The rupee (INR) fell marginally versus the dollar (USD) over the past week as it ended Tuesday’s session at 83.52 compared with 83.44 a week ago. The local currency was down despite the dollar softening in the recent sessions.

The capital outflow weighed on the Indian unit. According to NSDL (National Securities Depository Limited) data, the net FPI (Foreign Portfolio Investors) outflows for May are $375 million.

While the dollar’s depreciation limited the domestic currency’s downside, a decline in crude oil prices since April also supported the rupee. Brent crude oil prices have lost slightly over 8 per cent over the past one month.

Another positive factor for the rupee is the strong domestic fundamentals. The services PMI (Purchasing Managers’ Index) and Manufacturing PMI for April stood at 60.8 and 58.8 respectively. Although it was less than expected, a number above 50 means expansion.

On the technical front, the chart of USDINR shows that the currency pair continues to be shackled within a range.


Since the final week of March, the rupee has been oscillating within the 83.25-83.60 range. INR can establish the next leg of the trend only if it moves out of this range.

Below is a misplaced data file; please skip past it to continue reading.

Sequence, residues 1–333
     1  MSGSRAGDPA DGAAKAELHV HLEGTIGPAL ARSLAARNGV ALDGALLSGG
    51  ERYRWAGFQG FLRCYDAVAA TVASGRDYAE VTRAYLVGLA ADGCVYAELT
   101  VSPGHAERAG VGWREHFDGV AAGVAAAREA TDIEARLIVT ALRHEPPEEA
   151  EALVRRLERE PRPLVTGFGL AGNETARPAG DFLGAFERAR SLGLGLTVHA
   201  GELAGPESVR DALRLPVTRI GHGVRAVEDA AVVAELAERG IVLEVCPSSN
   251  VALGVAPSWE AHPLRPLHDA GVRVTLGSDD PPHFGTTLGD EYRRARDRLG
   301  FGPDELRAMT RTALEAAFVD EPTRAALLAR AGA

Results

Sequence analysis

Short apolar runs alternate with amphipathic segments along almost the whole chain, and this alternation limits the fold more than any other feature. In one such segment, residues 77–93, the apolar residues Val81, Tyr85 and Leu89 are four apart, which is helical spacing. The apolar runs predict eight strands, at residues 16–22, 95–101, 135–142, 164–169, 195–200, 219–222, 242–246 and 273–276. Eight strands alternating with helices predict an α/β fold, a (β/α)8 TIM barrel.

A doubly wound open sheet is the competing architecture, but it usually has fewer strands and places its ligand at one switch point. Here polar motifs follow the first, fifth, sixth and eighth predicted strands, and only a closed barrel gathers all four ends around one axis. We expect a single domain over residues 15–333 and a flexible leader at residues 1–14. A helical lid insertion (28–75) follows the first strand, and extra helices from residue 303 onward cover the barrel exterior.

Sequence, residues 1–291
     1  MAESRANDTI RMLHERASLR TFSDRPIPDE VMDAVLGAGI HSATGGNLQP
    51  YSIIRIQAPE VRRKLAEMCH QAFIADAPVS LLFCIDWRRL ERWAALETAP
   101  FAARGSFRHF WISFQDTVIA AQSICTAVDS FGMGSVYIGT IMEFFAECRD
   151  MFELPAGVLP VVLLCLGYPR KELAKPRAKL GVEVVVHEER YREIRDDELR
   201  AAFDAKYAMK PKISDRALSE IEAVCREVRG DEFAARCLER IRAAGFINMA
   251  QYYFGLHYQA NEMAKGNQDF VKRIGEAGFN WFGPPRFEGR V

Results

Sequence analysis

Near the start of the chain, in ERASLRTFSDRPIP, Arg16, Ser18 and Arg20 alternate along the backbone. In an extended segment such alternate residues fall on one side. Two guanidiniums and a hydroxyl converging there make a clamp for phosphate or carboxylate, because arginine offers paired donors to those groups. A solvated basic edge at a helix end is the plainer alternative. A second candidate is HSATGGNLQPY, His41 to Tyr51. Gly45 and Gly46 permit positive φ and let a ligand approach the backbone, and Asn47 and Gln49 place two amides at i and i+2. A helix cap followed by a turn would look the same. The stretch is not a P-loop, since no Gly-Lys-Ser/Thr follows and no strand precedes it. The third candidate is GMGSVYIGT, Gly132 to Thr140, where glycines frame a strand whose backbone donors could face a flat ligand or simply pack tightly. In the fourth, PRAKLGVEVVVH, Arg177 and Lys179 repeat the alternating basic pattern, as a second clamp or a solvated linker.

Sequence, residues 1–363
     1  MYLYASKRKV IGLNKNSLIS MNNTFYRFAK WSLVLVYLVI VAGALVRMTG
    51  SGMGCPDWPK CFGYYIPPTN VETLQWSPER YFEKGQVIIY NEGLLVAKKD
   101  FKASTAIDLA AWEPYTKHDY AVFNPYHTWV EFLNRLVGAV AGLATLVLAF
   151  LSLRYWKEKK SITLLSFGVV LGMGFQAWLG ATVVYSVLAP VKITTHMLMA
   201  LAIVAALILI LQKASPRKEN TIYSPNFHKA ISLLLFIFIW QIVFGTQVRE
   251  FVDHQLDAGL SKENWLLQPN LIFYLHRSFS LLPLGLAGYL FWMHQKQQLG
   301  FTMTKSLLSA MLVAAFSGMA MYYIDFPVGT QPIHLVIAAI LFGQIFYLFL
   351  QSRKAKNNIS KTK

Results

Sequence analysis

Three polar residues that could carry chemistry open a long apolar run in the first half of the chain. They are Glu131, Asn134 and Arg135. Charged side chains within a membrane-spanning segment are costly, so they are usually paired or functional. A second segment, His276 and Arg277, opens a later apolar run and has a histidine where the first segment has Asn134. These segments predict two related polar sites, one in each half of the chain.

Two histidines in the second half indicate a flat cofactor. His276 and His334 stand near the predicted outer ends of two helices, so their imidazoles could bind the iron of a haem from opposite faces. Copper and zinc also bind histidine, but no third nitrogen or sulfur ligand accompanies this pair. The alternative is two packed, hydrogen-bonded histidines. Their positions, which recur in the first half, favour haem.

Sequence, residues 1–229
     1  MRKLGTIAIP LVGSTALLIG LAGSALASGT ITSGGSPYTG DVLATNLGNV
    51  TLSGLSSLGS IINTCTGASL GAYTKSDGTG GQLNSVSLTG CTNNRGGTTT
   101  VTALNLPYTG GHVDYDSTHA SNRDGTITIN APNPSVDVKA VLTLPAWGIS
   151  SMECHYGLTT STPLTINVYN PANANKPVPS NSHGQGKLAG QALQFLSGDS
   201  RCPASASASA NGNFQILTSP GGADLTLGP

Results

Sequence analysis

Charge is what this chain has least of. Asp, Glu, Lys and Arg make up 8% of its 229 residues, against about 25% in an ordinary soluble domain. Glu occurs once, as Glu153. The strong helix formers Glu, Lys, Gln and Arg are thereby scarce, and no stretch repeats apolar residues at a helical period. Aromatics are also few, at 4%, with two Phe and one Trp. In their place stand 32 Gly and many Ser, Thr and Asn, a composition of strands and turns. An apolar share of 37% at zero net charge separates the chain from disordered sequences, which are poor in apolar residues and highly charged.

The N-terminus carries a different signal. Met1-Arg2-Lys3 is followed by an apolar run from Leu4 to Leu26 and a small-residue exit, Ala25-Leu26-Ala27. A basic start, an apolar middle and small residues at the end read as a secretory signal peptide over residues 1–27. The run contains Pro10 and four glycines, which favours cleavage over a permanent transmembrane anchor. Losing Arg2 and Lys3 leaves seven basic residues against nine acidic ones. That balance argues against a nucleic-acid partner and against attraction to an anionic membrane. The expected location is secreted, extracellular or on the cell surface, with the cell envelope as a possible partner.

If the domestic currency appreciates and surpasses  the barrier at 83.25, it can move up to 83 or to 82.80, which are the next notable resistance levels.

On the other hand, if the rupee breaks below the important base at 83.60, it can decline to 84, a potential support. Subsequent support is at 84.50.

The dollar index (DXY) slipped below the support at 105.50 last week and marked a low of 104.52 before recovering to 105.20. Henceforth, 105.50 will act as a resistance.

Subsequent resistance is at 106.40. Note that 104.50 is support. So, there is a chance for DXY to trade between 104.50 and 105.50 in the near term. This will also keep the rupee in a price band.


The rupee continues to remain in the range of 83.25-83.60. The chart of INR and DXY shows a potential flat trend ahead.